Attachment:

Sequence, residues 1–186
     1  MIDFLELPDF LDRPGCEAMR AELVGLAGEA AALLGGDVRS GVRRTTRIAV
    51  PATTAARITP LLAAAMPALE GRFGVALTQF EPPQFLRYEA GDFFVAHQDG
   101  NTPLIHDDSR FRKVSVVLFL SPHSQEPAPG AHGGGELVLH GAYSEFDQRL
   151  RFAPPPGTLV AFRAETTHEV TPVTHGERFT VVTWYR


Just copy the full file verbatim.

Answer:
Sequence, residues 1–186
     1  MIDFLELPDF LDRPGCEAMR AELVGLAGEA AALLGGDVRS GVRRTTRIAV
    51  PATTAARITP LLAAAMPALE GRFGVALTQF EPPQFLRYEA GDFFVAHQDG
   101  NTPLIHDDSR FRKVSVVLFL SPHSQEPAPG AHGGGELVLH GAYSEFDQRL
   151  RFAPPPGTLV AFRAETTHEV TPVTHGERFT VVTWYR